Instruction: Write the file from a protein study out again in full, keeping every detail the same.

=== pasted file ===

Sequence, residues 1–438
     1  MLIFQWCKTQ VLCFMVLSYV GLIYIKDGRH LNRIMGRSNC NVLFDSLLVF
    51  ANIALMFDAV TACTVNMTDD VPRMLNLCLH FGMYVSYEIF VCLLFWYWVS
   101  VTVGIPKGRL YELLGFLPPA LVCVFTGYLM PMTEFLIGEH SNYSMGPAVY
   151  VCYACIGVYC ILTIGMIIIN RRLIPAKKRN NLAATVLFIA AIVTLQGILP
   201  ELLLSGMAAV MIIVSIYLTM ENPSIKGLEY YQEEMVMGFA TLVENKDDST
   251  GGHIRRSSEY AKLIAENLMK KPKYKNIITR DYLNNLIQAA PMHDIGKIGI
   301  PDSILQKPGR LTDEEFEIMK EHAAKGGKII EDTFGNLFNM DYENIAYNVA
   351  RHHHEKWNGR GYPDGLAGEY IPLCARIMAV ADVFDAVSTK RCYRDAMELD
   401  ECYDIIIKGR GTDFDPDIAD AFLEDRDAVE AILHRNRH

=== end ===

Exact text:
Sequence, residues 1–438
     1  MLIFQWCKTQ VLCFMVLSYV GLIYIKDGRH LNRIMGRSNC NVLFDSLLVF
    51  ANIALMFDAV TACTVNMTDD VPRMLNLCLH FGMYVSYEIF VCLLFWYWVS
   101  VTVGIPKGRL YELLGFLPPA LVCVFTGYLM PMTEFLIGEH SNYSMGPAVY
   151  VCYACIGVYC ILTIGMIIIN RRLIPAKKRN NLAATVLFIA AIVTLQGILP
   201  ELLLSGMAAV MIIVSIYLTM ENPSIKGLEY YQEEMVMGFA TLVENKDDST
   251  GGHIRRSSEY AKLIAENLMK KPKYKNIITR DYLNNLIQAA PMHDIGKIGI
   301  PDSILQKPGR LTDEEFEIMK EHAAKGGKII EDTFGNLFNM DYENIAYNVA
   351  RHHHEKWNGR GYPDGLAGEY IPLCARIMAV ADVFDAVSTK RCYRDAMELD
   401  ECYDIIIKGR GTDFDPDIAD AFLEDRDAVE AILHRNRH